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IMF recommends Pakistan to increase taxes to yield additional revenues of 0.5% of GDP: Report

The IMF’s recommendations to the Federal Board of Revenue (FBR) would double the tax burden for salaried and non-salaried classes

PTI Islamabad Published 02.03.24, 04:03 PM
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The IMF has recommended Pakistan several measures such as increasing taxes, reducing tax slabs, and eliminating tax exemption on the contribution of private employers to pensioners, to yield additional revenues for the cash-strapped government, a media report said on Saturday.

The International Monetary Fund (IMF) has estimated that if the recommendations on Personal Income Tax were fully implemented, it could yield additional revenues of 0.5 per cent of the GDP, equivalent to Pakistani Rs 500 billion on an annual basis, The News International reported.


The IMF’s recommendations to the Federal Board of Revenue (FBR) would double the tax burden for salaried and non-salaried classes and would impact the middle and upper middle-income groups if accepted, the report said.

The FBR has so far collected Pakistani Rs 215 billion from the salaried class in the first eight months (July-February) of the current fiscal year.

It is estimated that the FBR could fetch approximately Pakistani Rs 300 billion from the salaried class, and the IMF’s recommendation on personal income tax could bring additional revenues of Pakistani Rs 500 billion from both salaried and non-salaried classes, the report said.

The Washington-based lender, who has expressed willingness to work with the new government in Pakistan following a fractured poll verdict, has also recommended lowering the income threshold for the higher rates slabs.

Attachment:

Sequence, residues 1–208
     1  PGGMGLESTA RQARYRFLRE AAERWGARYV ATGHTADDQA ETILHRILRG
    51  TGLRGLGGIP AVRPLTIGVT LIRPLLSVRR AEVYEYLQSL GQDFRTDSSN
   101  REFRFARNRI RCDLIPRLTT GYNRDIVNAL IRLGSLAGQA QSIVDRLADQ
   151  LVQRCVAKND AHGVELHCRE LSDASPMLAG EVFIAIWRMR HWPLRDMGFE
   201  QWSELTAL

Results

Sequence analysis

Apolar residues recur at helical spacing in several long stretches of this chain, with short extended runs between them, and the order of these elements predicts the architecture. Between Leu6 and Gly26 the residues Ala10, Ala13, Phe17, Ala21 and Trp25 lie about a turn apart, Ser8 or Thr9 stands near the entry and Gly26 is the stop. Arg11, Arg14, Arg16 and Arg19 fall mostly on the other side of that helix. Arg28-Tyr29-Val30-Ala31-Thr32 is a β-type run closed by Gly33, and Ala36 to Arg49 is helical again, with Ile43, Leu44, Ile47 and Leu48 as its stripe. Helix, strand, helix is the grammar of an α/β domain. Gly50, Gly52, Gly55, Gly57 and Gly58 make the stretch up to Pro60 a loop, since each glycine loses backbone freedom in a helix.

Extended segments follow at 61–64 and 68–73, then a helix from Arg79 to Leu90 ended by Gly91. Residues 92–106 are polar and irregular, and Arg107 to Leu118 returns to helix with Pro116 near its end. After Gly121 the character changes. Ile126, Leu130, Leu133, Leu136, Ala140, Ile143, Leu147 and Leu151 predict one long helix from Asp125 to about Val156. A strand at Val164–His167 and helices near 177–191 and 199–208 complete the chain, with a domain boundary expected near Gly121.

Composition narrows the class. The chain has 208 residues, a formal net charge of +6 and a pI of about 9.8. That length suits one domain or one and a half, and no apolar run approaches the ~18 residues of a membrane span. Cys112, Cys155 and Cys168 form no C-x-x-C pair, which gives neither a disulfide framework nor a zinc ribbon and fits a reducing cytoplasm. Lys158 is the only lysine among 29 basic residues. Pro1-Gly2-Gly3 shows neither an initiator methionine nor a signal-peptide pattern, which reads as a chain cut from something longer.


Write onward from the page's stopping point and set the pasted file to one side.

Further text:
The IMF has asked the FBR to review the Second Schedule and Chapter III of the Income Tax Ordinance (ITO) to eliminate preferential treatment to employees in specific sectors, tax credit for investment in shares, deduction for mortgage payments, tax deductions for full-time teachers and researchers and maintain the zero rate threshold at the same levels if it is not possible to reduce it, the paper reported.

Pakistan is heavily dependent on the IMF and currently implementing a short-term USD 3 billion agreement. The global lender has already provided two tranches of loan and the last tranche of USD 1.2 billion is expected by the end of March or early April.

According to experts, the new government after taking office would have to enter into fresh talks with the IMF to get a new loan.

Earlier, the IMF’s review mission was scheduled to visit the cash-strapped country in the first week of February, but the delegation refused to visit on the eve of the general elections.

Except for the headline, this story has not been edited by The Telegraph Online staff and has been published from a syndicated feed.

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